When Jacob and his brothers discover the ability to capture fog from the marsh behind their house, they bring it back with them. The fun game turns to danger as they realize perhaps something else accompanied them home. Is it too late to escape the Deathly Fog?
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*****EXCLUSIVE EXCERPT BELOW*****
by Adam Breckenridge
Because the marsh at the edge of our property was forbidden to us, my brothers and I would take any chance we could get to slip away from under our mother’s nose and go stand at its edge. She had told us it was dangerous because so many things died there and we knew it was true, despite how many plants and bugs we found there. Even with all that life, the marsh was still where things went to die. My older brother, Jacob, used to tell us that there were bodies buried everywhere in the muck, going back hundreds of years.
“From back when it was Indians killing other Indians,” he said. “Centuries of murder down there. If you pulled the bodies up they’d look just like they’d been killed yesterday.”
We poked around a lot trying to find a human body. We never did, but we found just about every kind of animal that we knew lived on our property. Squirrels, rabbits, frogs, snakes, and birds, all mummified in a terrible imitation of life.
And then there was the fog, always so thick you could never see more than a few feet in front of you. It didn’t matter when you went. No matter how sunny the day was, as soon as you passed into the marsh, the world became murky and dark. That’s why we only ever stood on its edge. We were pretty sure if you went in, the fog would eat you whole. It could certainly move in ways that seemed unnatural for fog. Sometimes I was convinced it had teeth, but we were always safe as long as the air to our backs was clear.
When we weren’t there looking for dead bodies, we’d try to catch the fog in our hands instead. That’s how thick it was. You could actually cup it in your hands and hold it there. It was like holding a ghost. You could feel all that death from the marsh in it chilling your skin. It became a game for us to see who could hold their fistful of fog the longest, and then the game became running toward the house while trying to enclose it, which further evolved into a determination to try to get into the house while still cupping the fog in your hands. We never made it anywhere near the house. The fog was too slippery for the task, dribbling out between our fingers as we ran.
But then Jacob figured out a way to blow on the fog that would make it spin into a globe. He’d stay down there at the marsh’s edge for hours, practicing rolling the fog in his hands with his breath, trying to keep it going for as long as he could. It always bored the hell out of me and our younger brother, Mattie. Neither one of us could do it. We just didn’t have the breath for it, but we never wanted to leave him alone while he practiced because that’s how bodies go missing in the marsh. You never knew what was hiding in the fog just out of view. So, we’d stay and watch, keeping an eye on the fog for him in case one of those dead Indians rose from his grave and came after us with his tomahawk.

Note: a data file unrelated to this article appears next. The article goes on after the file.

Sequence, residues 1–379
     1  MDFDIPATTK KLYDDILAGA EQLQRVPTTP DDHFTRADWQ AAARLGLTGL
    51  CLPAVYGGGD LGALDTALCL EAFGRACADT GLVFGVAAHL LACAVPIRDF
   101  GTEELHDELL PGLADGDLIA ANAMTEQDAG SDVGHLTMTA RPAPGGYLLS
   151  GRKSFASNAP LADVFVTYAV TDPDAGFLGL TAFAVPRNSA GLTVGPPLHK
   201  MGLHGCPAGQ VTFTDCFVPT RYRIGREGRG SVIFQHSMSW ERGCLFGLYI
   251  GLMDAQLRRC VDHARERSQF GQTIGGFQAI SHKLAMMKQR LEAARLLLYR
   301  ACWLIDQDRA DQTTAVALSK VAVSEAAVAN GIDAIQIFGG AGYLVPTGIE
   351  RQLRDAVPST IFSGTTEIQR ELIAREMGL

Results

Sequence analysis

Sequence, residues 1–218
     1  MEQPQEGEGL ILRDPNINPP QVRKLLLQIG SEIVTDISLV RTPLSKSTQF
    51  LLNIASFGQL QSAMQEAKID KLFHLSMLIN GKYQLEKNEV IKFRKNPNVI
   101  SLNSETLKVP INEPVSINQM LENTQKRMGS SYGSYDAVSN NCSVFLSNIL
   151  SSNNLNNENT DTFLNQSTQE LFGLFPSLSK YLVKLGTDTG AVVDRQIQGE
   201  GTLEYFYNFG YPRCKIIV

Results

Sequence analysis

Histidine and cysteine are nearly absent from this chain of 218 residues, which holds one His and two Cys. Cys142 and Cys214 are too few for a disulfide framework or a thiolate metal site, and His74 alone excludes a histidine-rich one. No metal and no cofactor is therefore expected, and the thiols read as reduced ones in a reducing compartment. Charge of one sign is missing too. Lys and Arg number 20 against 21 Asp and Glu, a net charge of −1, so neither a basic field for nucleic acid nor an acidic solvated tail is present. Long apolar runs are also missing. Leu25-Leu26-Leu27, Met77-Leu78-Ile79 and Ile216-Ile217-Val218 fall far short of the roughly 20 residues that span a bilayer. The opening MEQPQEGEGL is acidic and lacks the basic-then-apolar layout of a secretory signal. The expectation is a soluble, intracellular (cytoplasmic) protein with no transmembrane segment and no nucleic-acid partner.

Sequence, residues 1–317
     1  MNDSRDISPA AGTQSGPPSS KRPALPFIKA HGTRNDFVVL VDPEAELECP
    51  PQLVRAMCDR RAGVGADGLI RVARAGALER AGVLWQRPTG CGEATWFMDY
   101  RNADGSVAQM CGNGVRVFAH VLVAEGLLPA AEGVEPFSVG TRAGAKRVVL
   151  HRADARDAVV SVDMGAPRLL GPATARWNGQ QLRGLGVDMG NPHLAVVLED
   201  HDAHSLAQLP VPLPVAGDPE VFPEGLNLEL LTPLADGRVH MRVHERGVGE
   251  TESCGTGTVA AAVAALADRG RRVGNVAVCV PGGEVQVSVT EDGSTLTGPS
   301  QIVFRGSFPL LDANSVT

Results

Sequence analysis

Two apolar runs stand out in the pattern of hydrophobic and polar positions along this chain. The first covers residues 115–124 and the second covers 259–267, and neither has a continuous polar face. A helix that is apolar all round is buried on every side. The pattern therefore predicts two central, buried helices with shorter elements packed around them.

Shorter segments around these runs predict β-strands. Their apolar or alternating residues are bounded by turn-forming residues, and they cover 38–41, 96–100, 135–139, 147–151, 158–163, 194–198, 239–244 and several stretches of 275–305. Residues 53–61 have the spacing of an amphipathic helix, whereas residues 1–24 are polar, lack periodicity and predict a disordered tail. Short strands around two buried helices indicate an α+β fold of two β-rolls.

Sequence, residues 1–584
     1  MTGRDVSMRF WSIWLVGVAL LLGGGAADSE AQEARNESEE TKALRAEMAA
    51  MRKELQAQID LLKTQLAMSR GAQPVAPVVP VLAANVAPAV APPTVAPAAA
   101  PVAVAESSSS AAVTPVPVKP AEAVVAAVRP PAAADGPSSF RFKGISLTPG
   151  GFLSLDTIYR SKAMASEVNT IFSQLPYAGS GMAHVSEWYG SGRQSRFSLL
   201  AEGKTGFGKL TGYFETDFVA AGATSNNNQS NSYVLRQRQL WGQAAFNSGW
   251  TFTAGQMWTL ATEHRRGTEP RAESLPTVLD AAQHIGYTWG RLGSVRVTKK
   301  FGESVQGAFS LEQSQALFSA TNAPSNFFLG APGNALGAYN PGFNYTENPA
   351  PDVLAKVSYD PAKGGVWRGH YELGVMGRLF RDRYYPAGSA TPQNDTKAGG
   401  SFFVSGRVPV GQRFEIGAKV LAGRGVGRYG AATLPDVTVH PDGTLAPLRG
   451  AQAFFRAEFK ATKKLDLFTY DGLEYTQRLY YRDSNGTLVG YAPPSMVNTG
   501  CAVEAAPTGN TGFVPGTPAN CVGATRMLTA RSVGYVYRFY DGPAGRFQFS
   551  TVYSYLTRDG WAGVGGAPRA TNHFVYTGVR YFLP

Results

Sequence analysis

“Okay, I’m ready,” Jacob said one day after practicing for awhile. He scooped a fresh batch of fog in his hands and then started running for the house, keeping it spinning with each exhalation like it was the world in his grasp.
We ran after him, not getting too close in case we tripped him up. I could see bits of the fog slipping away, but he was keeping a lot of it in his hands, blowing and running at the same time.
Mattie rushed ahead to open the front door for him and then he was through, still a few wisps clutched in his hands. In the atrium, he stopped blowing and we watched the fog dissipate above us.
It should have been a cause for celebration—we had finally pulled off the impossible task—but a somber mood struck us. The marsh was a place of death, not fit for any house, let alone our house, and we had brought some of its morbid air into it. The decay had diffused and we could never get it back. My brothers and I breathed gingerly for a long while afterwards, feeling the stink of death in our lungs everywhere we went in the house.
The fog sat long in our minds so that even as we aged and shed our childish beliefs, the specter of death never stopped hanging over the house. Our house was a place of life, not just with our family coming in and out of it and all the pets and plants we had, but also the spiders, rats, and mold in the basement. Even the furniture, which was old and made of wood, had a certain life to them. There wasn’t a corner of the house that didn’t have something breathing in it, but since we unleashed the fog, the house was just as much a place of death as the marsh was.
Jacob was more adamant than any of us in trying to dismiss the weight of our superstition, but I could tell it bothered him as much as it did the rest of us. Read more of Deathly Fog.
Adam Brekenridge is a traveling professor for the US military who goes around the world teaching US soldiers stationed overseas. He has eighteen short story publications and most recently his work has appeared in Visions Magazine, Mystery Weekly, and Clockwork, Curses and Coal from Worldweaver Press.
He’s currently based in Seoul.
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